Andrea Büttner’s exhibition presents three recent bodies of work: a series of etchings depicting the harvest of white asparagus, a selection of glass vases and a large-scale photograph of a former plant bed at the Dachau Concentration Camp.
Büttner has recurrently adopted particular foodstuffs, such as potatoes and loaves of bread, as a means to reframe value and insist on the wealth of meaning among the formal and symbolic qualities of sustenance habitually understood as ordinary or commonplace. In this exhibition, Büttner presents a series of etchings, Asparagus Harvest (2021), which depict the harvesting of white asparagus from fields in Belizt, outside of Berlin. These etchings, composed by observing and sketching the harvest en plein-air, consider the hand gestures and postures adopted by labourers in order to harvest efficiently. Büttner’s work attends to the kinds of physical contact involved in such proficient labour: from a stooped posture, fingers locate asparagus tips within dense soil, later snapping the shaft from its root with an asparagus knife.
Asparagus Harvest places focus on a form of being-together, figuring those who continue a labour that is determinedly minor. Each etching traces the artist’s hand in depiction of the very handiwork of the labourer. Utilising the etching as a necessarily tactile process, Büttner foregrounds the contingent social judgement in the valuation of labour between artistic practice, gendered artisanship and seasonal wage labour. By drawing this comparison, Büttner addresses both the material physicality of work as well as its immaterial qualities, including the humiliation inherent to labour exploitation.
The etchings are accompanied by a large-scale photograph of a former plant bed located at the Dachau Concentration Camp Memorial Site. It is part of a series of photographs related to Büttner’s research into the conflicted ethical roots of environmentalism in Germany — specifically the knotted confluence of organic culture and fascist politics. Titled Former plant beds from the plantation and “herb gardens,” used by the Nazis for biodynamic agricultural research, at the Dachau Concentration Camp (2019-2020), Büttner’s photographs record the now heavily overgrown plants beds originally used for biodynamic research under Nazism — including the development of German vitamin C. These photographs attest to the historical co-existence and connectedness of environmentalist discourse and nationalist politics, a cultural specificity rooted in an overlooked, anti-modernist history. As Büttner notes: ‘In a way, all good taste and tastefulness taste bad.’ In its documentary presence, the photographed plant bed depicts both regeneration and concealment. Despite its wild regrowth, the plant bed maintains a rectangular form within the ground, articulating a lateral, abstracted and modernist image itself.
Two glass vases occupy independent plinths throughout the space. Each features spherical nodules which protrude from the base of the vase like an integrated pedestal. While one bears a decoration of green leaves, Büttner’s vases can be collectively characterised by a formal utility, created to hold flowers with tall stems such as gladioli. Titled Vase (bulbs) (2021), the spheres which adorn the vases denote both the undergrowth of the bulb and the blossom above. Throughout this exhibition, Büttner’s contextual specificity distinguishes asymmetrical relations among material labour and immaterial value within agricultural and socio-cultural practices, responding to the questionable sincerity of organic lifestyles and the resurgence of authenticity with an ethical candour.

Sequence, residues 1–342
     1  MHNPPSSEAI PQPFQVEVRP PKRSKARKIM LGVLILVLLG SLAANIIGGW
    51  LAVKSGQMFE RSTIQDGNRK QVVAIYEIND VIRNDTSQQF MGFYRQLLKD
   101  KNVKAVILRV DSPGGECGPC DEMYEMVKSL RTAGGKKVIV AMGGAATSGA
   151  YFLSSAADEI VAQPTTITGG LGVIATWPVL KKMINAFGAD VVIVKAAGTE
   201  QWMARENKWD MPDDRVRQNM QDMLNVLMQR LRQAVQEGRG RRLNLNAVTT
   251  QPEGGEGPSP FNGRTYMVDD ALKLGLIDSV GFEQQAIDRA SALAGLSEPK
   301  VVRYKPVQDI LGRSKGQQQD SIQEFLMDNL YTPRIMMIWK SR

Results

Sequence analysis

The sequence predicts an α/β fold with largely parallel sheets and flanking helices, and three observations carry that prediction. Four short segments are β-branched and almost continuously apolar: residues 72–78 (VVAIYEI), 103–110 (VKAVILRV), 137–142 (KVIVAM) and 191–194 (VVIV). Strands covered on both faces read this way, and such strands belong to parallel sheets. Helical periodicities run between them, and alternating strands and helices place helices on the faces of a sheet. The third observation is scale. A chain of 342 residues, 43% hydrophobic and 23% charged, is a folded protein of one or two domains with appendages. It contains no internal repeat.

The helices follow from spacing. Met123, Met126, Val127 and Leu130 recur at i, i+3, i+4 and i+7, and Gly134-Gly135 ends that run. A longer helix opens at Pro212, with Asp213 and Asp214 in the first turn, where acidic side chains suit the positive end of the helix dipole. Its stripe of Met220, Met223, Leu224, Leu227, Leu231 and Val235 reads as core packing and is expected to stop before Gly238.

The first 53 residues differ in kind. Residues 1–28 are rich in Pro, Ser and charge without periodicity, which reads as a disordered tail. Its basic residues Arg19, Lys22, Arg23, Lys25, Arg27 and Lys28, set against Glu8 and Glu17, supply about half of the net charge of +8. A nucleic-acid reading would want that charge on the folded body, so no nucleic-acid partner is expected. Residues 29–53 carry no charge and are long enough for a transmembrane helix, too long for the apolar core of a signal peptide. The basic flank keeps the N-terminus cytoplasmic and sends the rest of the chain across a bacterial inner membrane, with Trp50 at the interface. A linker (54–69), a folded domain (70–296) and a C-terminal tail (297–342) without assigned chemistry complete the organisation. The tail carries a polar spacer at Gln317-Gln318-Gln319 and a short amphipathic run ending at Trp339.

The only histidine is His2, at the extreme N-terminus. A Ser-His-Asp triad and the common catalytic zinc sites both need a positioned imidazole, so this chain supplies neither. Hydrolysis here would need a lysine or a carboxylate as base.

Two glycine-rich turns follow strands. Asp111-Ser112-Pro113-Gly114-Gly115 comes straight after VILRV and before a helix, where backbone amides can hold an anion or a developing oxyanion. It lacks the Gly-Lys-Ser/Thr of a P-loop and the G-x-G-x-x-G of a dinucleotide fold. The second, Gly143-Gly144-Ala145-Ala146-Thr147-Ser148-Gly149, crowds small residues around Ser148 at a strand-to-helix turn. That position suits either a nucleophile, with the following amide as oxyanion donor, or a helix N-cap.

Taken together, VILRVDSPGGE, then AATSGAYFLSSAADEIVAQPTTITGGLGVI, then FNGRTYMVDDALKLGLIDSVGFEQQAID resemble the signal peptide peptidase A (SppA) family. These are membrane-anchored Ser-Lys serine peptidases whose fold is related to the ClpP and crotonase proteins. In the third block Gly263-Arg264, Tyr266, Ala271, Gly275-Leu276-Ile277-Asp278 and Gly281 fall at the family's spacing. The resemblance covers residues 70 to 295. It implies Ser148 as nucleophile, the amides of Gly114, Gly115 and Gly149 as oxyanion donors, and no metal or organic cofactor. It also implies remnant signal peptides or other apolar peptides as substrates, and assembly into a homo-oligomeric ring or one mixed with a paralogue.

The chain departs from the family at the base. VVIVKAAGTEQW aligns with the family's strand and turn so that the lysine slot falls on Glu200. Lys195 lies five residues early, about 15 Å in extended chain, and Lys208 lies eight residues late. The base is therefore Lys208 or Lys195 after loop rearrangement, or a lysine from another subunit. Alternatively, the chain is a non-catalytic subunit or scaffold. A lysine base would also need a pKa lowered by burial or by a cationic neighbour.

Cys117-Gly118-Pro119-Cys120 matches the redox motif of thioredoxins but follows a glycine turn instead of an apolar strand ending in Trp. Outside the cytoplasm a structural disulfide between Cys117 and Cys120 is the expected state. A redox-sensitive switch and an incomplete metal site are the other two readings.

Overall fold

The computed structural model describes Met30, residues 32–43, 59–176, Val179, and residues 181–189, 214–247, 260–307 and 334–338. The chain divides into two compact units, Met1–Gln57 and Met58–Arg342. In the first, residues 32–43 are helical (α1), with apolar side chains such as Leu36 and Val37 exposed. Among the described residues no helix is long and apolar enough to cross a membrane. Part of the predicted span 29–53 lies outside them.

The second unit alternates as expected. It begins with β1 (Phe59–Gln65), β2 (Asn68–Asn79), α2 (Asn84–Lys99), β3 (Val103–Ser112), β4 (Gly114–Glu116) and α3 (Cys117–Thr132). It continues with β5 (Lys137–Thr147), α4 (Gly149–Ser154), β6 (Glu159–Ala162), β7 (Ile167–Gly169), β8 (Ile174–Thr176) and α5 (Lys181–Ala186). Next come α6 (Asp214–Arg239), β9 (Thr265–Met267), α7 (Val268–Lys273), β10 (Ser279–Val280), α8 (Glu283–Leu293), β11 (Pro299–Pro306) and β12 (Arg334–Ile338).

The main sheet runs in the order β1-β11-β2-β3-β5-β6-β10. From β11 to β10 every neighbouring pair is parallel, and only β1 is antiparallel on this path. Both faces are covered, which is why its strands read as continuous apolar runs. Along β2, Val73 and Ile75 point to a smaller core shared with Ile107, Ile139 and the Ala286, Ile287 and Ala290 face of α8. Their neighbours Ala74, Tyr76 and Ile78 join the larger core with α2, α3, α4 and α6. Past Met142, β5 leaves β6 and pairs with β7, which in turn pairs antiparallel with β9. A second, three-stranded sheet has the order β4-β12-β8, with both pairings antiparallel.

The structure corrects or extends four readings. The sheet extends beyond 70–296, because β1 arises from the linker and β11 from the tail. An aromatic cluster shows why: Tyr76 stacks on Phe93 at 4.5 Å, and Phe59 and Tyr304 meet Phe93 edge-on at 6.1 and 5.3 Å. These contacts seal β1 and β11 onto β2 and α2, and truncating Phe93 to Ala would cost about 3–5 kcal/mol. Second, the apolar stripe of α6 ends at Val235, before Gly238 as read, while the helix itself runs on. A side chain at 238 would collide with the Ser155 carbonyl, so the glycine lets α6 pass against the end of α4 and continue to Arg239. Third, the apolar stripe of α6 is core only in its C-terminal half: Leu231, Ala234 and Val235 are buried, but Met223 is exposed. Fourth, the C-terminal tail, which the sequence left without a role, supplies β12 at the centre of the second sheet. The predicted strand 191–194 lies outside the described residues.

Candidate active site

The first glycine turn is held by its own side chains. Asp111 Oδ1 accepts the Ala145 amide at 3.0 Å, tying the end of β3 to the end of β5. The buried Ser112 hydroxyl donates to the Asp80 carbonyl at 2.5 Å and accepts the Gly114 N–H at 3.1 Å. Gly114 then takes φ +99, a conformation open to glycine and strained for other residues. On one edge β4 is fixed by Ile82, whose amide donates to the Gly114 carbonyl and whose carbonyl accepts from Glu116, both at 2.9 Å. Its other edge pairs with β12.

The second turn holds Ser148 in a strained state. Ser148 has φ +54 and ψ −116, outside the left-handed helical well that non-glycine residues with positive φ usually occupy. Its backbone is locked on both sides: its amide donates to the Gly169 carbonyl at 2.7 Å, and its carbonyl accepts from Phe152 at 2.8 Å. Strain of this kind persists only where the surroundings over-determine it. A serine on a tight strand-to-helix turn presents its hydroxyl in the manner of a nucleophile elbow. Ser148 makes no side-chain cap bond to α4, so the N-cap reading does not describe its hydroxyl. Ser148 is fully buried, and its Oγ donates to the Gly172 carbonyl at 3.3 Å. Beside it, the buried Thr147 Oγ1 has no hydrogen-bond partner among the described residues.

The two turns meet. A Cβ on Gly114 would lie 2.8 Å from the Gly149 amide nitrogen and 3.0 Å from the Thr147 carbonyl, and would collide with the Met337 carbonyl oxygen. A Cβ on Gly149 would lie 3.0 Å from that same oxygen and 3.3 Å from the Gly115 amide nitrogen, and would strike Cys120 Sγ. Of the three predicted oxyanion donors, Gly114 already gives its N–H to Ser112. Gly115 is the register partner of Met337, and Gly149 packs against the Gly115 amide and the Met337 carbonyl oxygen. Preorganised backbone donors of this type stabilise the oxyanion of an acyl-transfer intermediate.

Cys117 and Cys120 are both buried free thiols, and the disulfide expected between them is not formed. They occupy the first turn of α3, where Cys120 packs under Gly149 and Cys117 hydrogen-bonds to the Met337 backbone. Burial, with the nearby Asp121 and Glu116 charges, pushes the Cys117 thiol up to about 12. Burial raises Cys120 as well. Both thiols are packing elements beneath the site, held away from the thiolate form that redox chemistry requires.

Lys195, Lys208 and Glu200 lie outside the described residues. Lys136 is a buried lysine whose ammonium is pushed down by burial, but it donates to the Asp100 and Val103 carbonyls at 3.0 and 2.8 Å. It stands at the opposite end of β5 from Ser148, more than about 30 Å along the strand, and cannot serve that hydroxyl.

Andrea Büttner (b. 1972, Stuttgart, Germany), lives and works in Berlin, Germany, and is Professor for Art in the Contemporary Context at Kunsthochschule Kassel. She received a PhD from the Royal College of Art, London, and prior to that studied at the Humboldt University of Berlin and Berlin University of the Arts. Her practice connects art history with social and ethical issues, exploring broad-ranging topics such as poverty, work, community, belief, botany, Catholicism and philosophy. Her work is based on thorough research into specific areas or situations, and is articulated through diverse formats including printmaking, sculpture, painting, photography and video.
Büttner was shortlisted for the 2017 Turner Prize and is a winner of the 2009 Max Mara Art Prize for Women. Significant recent solo exhibitions include What is so terrible about craft?, Kunstverein München, Germany (2019); The Heart of Relations, Hollybush Gardens, London (2019); Shepherds and Kings, Bergen Kunsthall, Norway (2018); Hammer Projects: Andrea Büttner, Hammer Museum, Los Angeles, USA (2017); Beggars and iPhones, Kunsthalle Wien, Austria (2015); Andrea Büttner, Walker Art Center, Minneapolis, USA (2015); BP Spotlight: Andrea Büttner, Tate Britain, London, UK (2014); and Andrea Büttner, Museum Ludwig, Cologne, Germany (2014). Selected group shows include Donation Outset — KW Production series, Museum Abteiberg, Mönchengladbach, Germany; The Roaring Twenties, Guggenheim Bilbao, Spain; The Displacement Effect, Capitain Petzel, Berlin, Germany (all 2021); Parliament of Plants, Kunstmuseum Liechtenstein; Smoke and Mirrors, Kunsthaus Zürich; Amish Quilts Meet Modern Art, Staaliches Textil-und Industriemuseum Augsburg, Germany; and The Botanical Mind, Camden Art Centre, London (all 2020); On Vulnerability and Doubt, Australian Centre for Contemporary Art, Melbourne, Australia (2019); 33rd Bienal de São Paulo (2018); Turner Prize, Ferens Art Gallery, Hull, UK (2017); Broken White, Van Abbe Museum, Eindhoven, the Netherlands (2016); British Art Show 8, UK touring exhibition (2016); and dOCUMENTA (13), Kassel, Germany (2012).